Using cameras and X-ray detectors aboard the International Space Station (ISS), scientists have discovered the origin of so-called “blue jets” of lightning in our atmosphere for the first time. The scientists say the blue jets—appearing 80,000 feet above sea level—are born from “blue bangs” inside of thunderclouds. As for the origin of the blue bangs? That’s still a bit of a mystery.
European Space Agency (ESA) scientists actually detected five of these “blue bangs,” and a subsequent blue jet—both animated in the video above—in 2018. Although it’s only now that they’re describing their findings, in a paper recently published in the journal, Nature.
The scientists say the blue jets are 30-mile-long bolts of lightning that shoot out from the tops of a thunderstorms. And that this one came after a flurry of five 10-micro-second-long flashes of blue light. The instruments aboard the ISS picked up on the flashes coming from a thunderstorm above the Pacific Ocean.
Science News notes Torsten Neubert, an atmospheric physicist and lead other of the paper, used the term “blue bang” to describe the flashes of light that occurred prior to the blue jet. Neubert speculates that a special type of short-range electric discharge inside the thunderstorm causes the blue bangs. With turbulence in the thunderstorm providing opportunities for oppositely charged regions to come within half a mile of each other; and discharge a powerful burst of current.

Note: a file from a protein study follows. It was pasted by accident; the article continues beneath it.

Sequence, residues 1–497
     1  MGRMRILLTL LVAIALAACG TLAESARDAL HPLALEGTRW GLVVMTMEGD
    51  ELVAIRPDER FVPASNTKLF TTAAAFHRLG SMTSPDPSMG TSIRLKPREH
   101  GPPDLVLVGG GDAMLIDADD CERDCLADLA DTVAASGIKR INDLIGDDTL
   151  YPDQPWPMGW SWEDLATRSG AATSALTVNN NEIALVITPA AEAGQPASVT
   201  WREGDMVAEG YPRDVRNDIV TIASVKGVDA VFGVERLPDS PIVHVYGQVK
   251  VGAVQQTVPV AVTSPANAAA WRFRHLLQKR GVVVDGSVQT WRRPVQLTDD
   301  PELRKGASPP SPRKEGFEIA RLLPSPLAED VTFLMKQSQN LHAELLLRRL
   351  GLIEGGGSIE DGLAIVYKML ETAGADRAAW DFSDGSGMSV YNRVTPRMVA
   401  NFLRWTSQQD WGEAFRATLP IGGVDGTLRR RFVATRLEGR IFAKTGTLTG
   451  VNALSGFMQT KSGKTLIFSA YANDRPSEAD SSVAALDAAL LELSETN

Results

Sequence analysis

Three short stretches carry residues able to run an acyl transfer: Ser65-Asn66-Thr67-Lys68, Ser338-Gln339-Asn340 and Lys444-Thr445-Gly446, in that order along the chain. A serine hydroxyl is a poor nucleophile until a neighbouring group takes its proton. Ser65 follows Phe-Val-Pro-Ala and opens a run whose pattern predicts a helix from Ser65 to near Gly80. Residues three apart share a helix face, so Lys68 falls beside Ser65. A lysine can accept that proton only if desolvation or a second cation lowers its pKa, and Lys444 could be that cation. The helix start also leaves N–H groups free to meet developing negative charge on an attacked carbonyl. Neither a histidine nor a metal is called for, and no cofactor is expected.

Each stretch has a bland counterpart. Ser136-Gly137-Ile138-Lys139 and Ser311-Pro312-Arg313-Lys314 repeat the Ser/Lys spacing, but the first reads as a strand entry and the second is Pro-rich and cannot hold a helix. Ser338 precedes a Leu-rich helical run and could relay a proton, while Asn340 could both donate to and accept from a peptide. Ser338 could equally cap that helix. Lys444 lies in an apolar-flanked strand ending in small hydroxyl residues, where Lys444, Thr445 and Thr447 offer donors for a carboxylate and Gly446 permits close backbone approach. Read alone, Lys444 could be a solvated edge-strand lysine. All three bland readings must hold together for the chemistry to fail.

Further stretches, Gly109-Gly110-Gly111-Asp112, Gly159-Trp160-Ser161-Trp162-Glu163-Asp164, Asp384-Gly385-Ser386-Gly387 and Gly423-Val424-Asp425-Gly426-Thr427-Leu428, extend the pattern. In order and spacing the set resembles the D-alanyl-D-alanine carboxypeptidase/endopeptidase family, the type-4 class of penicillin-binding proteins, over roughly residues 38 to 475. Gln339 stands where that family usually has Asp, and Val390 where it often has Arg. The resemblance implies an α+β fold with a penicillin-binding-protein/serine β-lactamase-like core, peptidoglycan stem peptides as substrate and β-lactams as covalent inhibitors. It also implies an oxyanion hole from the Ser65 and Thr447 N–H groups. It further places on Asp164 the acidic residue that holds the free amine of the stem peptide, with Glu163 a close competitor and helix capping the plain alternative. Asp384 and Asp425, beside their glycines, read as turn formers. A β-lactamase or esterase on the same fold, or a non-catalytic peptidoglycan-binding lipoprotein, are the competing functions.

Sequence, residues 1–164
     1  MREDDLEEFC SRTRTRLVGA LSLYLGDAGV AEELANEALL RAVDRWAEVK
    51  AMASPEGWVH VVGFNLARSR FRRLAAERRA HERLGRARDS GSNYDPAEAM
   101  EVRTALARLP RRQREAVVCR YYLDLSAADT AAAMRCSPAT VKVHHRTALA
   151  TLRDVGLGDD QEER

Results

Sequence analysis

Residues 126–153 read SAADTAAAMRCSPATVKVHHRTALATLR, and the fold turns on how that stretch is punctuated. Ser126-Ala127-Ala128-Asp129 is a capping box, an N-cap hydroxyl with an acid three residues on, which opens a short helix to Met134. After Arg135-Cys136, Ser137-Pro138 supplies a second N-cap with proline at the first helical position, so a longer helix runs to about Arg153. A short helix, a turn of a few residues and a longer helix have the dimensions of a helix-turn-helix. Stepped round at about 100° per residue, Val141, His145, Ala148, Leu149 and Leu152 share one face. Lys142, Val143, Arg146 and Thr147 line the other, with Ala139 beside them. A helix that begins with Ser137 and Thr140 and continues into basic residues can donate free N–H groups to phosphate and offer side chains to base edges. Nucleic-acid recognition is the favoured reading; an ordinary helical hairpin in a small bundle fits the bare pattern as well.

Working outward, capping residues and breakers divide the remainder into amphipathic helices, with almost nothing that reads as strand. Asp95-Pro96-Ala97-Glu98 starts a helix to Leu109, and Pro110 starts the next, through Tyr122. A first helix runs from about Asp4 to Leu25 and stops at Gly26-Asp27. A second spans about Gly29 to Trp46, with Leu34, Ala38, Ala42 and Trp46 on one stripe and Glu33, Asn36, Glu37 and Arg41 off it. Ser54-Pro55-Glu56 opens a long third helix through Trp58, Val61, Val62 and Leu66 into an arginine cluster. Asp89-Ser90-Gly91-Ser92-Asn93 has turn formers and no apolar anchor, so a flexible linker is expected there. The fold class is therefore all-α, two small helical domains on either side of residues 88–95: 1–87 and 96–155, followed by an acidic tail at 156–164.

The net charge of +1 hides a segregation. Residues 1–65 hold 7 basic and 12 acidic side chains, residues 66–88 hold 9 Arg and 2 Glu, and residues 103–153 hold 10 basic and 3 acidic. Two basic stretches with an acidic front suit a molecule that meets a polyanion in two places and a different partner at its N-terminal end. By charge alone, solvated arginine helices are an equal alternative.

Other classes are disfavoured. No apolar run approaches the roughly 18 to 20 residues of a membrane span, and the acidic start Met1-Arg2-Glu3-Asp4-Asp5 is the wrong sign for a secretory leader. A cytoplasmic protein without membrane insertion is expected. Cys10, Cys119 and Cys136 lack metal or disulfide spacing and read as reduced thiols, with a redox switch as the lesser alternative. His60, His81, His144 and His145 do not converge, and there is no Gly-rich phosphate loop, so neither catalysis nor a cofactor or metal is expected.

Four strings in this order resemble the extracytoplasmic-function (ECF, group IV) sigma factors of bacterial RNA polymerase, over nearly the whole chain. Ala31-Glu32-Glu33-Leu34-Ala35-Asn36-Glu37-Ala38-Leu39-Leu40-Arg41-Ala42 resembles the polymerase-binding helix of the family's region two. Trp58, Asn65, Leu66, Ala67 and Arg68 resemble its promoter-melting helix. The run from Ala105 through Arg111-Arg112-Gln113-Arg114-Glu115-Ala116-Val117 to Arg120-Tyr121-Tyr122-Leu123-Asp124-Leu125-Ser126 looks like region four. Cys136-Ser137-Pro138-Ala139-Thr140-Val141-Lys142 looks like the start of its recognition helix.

And while Neubert and his colleagues aren’t certain of what causes the blue bangs, knowing what precedes blue jets still helps us to complete the picture of the atmosphere surrounding Earth.
Incidentally, that picture is also full of elves and red sprites. Those weather phenomena—which consist, respectively, of reddish “tentacles” of light (top, real image), and expanding rings that glow from the collision of electrons and nitrogen (immediately above, animated)—are also appearing above our heads all the time. Which makes the airy world surrounding Earth seem shockingly fantastical.